(Newswire.net — March 13, 2017) — New York, NY – On the eve of International Women’s Day, the world’s third largest asset manager, State Street Global Advisors, in collaboration with McCann New York, installed a bronze statue of a young girl staring down one of Lower Manhattan’s greatest icons, Wall Street’s charging bull.
This move which drew global attention to the lack of diversity on boards is not just symbolic. It is a practical call to action as this campaign enforces the already proven fact that companies with women in leadership roles perform better financially, the Business Insider reports.
It is not often that a major financial institution shines a light on the under-representation of women in executive positions.
There are countless articles describing what it’s like to be a woman on Wall Street, but the summary of most is the same. It’s difficult to succeed not because they are not strong or qualified, but because the institution does not want them to succeed.
The Charging Bull has been considered by many a symbol of this kind of “boys club” environment that Wall Street embodies so proudly.
Twenty-five percent of the Russell 3000, a broad index of U.S. companies, have no women on their boards, according to State Street Global Advisors, which manages many of their assets.
SSGA manages nearly a US 2.5 trillion in assets and has big stakes in many of the 3500 largest publicly listed companies in the U.S., UK and Australia.
According to ISS Analytics, a business research firm, only 16 percent of board seats on companies in the Russell 3000 are held by women, with the average board of directors having eight men and only one woman, Bloomberg reports.
According to State Street, although there has been progress regarding the inclusion of women on corporate boards, women comprise less than 15% of the boards of directors of nearly 60% of Russell 3000 companies.
Therefore, SSGA vowed that if directors don’t move quickly to appoint more women to their boards, it will use its proxy power to vote their shares against them and influence change if investors feel enough action hasn’t been taken.
Yet, the World Economic Forum made a rather discouraging prediction that the gender gap won’t close entirely until 2186.
But, chief executive of Australian Institute of Chief Directors (AICD), John Brogden, thinks that “we can all agree 169 years is too long to wait”. Mr. Brogden, supporting the “Fearless Girl” cause, advised companies to move quickly as the AICD has set a target for 30 per cent women on ASX 200 boards by the end of 2018, SMH reports.
In the latest report tracking gender diversity on boards in Australia released this week, it was found that women account for 25 per cent of ASX 200 (Australia’s leading share market index) board positions, up from 8.3 per cent in 2009.
SSGA went a step further and issued guidelines to boards to address sources of unconscious bias that might inhibit the recruitment of women and which pose unseen obstacles to female leadership.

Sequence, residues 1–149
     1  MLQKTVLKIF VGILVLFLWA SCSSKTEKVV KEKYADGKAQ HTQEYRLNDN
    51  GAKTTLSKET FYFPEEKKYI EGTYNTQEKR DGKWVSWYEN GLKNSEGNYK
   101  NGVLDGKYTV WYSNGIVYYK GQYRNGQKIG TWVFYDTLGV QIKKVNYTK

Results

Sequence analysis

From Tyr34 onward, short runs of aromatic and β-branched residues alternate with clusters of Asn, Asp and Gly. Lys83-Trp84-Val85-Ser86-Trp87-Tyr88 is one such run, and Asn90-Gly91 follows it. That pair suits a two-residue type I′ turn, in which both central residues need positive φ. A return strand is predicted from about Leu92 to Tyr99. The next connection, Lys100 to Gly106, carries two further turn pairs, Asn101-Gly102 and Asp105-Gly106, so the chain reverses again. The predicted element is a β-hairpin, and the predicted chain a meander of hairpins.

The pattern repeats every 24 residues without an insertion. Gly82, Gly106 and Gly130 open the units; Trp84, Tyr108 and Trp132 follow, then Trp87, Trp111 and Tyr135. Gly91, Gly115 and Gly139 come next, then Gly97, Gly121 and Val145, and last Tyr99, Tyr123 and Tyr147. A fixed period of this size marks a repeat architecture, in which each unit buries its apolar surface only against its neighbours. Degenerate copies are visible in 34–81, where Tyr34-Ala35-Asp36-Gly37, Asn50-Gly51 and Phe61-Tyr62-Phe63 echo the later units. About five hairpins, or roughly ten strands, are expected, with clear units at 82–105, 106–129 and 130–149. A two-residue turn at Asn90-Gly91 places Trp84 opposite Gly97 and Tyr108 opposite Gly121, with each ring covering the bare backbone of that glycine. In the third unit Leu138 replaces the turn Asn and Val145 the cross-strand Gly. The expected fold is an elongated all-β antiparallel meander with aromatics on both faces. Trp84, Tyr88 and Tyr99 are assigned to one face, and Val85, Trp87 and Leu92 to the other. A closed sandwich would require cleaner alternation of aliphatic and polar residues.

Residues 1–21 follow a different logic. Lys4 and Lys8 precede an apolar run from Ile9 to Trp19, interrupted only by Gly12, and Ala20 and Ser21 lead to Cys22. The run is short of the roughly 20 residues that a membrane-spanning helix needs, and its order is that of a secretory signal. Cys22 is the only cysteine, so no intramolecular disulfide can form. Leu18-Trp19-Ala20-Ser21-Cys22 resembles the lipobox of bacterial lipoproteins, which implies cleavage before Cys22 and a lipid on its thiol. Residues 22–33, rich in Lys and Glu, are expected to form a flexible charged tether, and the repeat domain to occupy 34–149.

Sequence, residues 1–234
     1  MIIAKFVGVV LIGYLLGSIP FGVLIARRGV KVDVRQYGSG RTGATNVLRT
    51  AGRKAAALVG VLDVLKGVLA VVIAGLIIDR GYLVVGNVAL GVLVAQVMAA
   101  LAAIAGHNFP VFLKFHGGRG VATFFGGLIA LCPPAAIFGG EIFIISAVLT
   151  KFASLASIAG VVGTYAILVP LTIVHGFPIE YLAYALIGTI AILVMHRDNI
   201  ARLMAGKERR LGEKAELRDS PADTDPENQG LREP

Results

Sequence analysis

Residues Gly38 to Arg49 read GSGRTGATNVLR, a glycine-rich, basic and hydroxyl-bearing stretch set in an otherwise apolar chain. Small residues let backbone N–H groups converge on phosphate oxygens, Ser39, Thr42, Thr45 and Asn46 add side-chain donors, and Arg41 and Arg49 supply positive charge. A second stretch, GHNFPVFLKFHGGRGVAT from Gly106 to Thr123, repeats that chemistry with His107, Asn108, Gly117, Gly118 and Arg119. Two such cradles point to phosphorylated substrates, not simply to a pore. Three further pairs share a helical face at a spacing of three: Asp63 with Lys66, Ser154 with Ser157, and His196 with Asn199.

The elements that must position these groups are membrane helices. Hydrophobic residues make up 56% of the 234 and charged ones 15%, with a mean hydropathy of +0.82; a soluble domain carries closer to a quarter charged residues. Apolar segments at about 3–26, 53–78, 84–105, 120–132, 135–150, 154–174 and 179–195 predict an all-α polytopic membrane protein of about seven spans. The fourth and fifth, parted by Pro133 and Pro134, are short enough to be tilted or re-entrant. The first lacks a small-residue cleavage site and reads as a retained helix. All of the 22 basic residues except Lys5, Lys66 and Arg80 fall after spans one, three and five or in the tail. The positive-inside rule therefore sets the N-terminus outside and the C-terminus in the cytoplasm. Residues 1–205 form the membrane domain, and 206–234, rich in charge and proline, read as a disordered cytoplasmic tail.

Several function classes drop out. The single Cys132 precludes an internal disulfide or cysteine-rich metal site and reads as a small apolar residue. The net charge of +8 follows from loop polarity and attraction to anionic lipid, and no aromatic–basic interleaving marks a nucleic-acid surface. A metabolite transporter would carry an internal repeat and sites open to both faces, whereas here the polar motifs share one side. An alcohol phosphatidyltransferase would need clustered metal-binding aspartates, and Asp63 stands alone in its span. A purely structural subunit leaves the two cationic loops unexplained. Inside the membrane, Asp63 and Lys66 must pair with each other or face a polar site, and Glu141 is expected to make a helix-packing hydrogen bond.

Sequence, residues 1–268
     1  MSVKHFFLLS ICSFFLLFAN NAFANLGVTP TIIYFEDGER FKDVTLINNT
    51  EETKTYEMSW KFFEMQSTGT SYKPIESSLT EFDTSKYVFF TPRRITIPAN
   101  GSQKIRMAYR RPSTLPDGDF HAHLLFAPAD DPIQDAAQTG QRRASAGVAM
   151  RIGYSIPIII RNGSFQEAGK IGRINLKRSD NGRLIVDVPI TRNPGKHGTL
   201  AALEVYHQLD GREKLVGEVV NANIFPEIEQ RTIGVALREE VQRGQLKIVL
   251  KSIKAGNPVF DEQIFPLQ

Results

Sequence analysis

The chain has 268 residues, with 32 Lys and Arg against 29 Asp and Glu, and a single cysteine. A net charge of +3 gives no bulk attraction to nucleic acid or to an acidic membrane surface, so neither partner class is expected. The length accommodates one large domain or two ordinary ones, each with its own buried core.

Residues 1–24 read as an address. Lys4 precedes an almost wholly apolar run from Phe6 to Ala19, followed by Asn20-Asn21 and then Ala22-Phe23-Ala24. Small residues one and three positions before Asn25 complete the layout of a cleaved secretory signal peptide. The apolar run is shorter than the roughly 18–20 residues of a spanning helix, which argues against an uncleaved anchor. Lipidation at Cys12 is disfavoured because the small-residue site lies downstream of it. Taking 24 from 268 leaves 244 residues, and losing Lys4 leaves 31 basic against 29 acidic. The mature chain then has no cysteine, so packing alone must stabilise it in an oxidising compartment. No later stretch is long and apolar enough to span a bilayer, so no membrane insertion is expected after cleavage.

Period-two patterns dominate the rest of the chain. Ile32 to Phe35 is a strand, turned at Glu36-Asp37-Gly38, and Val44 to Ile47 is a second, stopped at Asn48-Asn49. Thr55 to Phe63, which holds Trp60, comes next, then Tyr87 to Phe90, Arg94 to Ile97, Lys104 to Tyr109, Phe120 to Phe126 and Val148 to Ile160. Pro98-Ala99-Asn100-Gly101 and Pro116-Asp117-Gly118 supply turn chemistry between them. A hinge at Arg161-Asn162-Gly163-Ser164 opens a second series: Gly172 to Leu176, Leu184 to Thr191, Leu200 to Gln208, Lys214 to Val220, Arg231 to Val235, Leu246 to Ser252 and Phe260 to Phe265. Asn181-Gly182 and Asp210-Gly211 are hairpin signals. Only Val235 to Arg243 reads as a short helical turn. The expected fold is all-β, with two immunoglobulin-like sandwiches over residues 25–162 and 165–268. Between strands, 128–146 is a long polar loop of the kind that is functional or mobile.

State Street Global Advisors, based in Boston, has been a vocal advocate for gender diversity at companies, pushing for more women on boards and in leadership roles.
In order to highlight this message in a unique and authentic way, the company went to an advertising giant, McCann NY, as to find “the most tasteful, respectful and effective way” to participate in the international dialogue surrounding Women’s Day.
Together, they installed a statue of the Fearless Girl as “a reminder to corporations across the globe that having more women in leadership positions contributes to overall performance and strengthens our economy”, says Ron O’Hanley, chief executive officer of SSGA.
The agency has three women on its 11-member board, according to its website.
However, there are critics that say that the companies behind the Girl’s presence in the heart of Wall Street are not exactly representatives of gender equality as women comprise less than 30 percent of the board structure.
What’s even worse, SSGA itself has been implicated in “shady dealings,”, such as meriting a settlement of over $64 million with the U.S. government, Inquirer reports.
Despite its critics, the company is making efforts to engage with boards and management around issues that they believe are critical in improving their performance.
“What you find repeatedly is having more diverse boards and more diverse senior management will actually drive better results for companies,” said Lori Heinel, State Street’s deputy global chief investment officer, Bloomberg reports.
According to an MSCI study cited by State Street, companies with strong female leadership generated a return on equity of 10.1% per year versus 7.4% for those without a critical mass of women at the top, which is a 36.4% increase of average return on equity, proving that company with greater gender diversity tend to perform better financially.